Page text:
The more you focus on the current value of your company, the less you’re focused on the growth of your company. This is one reason why early stage investments often kick the can down the road with convertible notes. If you state the value now, and you have an unknown growth, you could have a negative round — not good! The convertible note states that the current value is completely unknown in favor of a more predictable return when a later investment happens. Focus on growth, not current value — use a convertible note.
If you don’t know the term Lengevin dynamics, don’t worry — you’re in the majority. You could probably go the rest of your life without hearing this term again. Put simply, Langevin dynamics describe Brownian motion — the way cells bounce around under a microscope. For me, VCs are to Langevin dynamics what Angels are to quantum mechanics. When you graduate to Series A, your value and growth are better understood. Series A startups are governed by friction (or product stickiness), interaction potentials (the team), external forces (the market) and damping constants (market inelasticity). At this stage, startups still behave stochastically, but with much more predictability. This prediction requires understanding the startup and market much better, so Series A companies better be prepared to open wide and embrace the microscope.
All geeky silliness aside, know your startups valuation. Know it before you talk to investors. Know it before you make a plan. If you’re only willing to give up 15% of your company, you can only raise 15% of your company’s valuation. Any investor will want to know what the current valuation is. This is particularly true if they’re getting stock rather than a convertible note.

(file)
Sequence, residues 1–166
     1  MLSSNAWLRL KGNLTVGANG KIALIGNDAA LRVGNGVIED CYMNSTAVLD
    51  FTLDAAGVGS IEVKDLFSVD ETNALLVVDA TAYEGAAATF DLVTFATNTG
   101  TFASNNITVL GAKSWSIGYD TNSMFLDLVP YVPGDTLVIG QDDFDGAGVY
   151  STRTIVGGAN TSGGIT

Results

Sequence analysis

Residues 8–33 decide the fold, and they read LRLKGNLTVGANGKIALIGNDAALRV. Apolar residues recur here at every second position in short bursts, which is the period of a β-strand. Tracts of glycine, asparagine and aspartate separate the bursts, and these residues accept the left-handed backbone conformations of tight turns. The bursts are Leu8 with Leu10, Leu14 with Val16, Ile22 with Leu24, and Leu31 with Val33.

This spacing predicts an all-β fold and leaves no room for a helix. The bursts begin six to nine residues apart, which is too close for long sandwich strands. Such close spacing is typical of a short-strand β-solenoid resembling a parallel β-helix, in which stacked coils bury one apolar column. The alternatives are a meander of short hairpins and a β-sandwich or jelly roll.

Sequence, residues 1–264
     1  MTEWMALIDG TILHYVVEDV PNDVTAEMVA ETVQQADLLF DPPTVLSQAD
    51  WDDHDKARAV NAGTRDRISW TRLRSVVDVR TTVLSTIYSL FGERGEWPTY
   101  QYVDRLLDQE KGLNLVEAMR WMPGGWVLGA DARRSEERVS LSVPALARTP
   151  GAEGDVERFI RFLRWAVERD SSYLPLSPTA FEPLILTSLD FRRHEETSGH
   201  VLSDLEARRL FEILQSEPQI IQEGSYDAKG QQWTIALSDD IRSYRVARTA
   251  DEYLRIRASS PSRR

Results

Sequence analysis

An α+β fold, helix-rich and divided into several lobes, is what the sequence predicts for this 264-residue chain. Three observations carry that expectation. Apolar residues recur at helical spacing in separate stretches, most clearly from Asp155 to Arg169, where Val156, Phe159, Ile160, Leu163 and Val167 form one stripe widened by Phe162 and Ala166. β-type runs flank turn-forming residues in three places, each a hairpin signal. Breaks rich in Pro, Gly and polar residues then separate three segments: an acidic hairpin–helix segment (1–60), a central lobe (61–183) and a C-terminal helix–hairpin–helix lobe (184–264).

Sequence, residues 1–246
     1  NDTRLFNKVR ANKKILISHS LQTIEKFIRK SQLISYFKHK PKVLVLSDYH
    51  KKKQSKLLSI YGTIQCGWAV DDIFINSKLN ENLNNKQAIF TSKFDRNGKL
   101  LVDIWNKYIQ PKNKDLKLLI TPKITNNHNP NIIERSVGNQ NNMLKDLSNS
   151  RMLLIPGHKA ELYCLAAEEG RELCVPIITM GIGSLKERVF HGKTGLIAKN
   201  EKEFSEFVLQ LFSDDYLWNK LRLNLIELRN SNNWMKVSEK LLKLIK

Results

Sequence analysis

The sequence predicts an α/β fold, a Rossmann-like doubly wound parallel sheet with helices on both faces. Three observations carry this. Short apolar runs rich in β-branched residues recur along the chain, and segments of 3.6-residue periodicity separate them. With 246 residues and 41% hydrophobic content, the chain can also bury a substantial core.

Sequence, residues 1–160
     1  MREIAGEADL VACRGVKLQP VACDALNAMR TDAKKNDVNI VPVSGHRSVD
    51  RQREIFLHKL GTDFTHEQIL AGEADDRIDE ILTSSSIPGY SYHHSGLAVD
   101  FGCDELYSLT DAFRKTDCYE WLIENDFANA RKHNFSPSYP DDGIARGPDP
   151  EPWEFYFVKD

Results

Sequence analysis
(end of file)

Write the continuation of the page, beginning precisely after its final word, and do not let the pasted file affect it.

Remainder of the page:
Until there is revenue, valuation is like black magic. This is why angels often kick the challenge down the road with a convertible note. When you have metrics to show, your startup’s quantum uncertainty reduces. As you grow month over month, the value becomes clearer and clearer.
In the next couple of posts, we’ll provide a few useful hints to help with early stage valuation and considerations when a startup studio is involved.
– In general there are 4 main rounds of funding for startups, Seed Investment, Series A investment, Series B investment, and Series C and beyond. Each round targets specific achievements or objectives for the firm as it grows.
-When valuing your startup, it is easy to run into what is commonly known as the endowment effect. The endowment effect is a psychological behavior which states that we tend to value things in which we own more than someone else would, even if someone else owned the same object. It’s useful to keep this in mind when valuing your startup.
-In case you are unfamiliar with the idea of Schrodinger’s Cat, it is known as a thought experiment devised in 1935 by Erwin Schrödinger. The scenario included a cat that appeared to be both dead and alive at the same time, this is known as quantum superposition.
Originally published on March 17th, 2016 on our previous blog.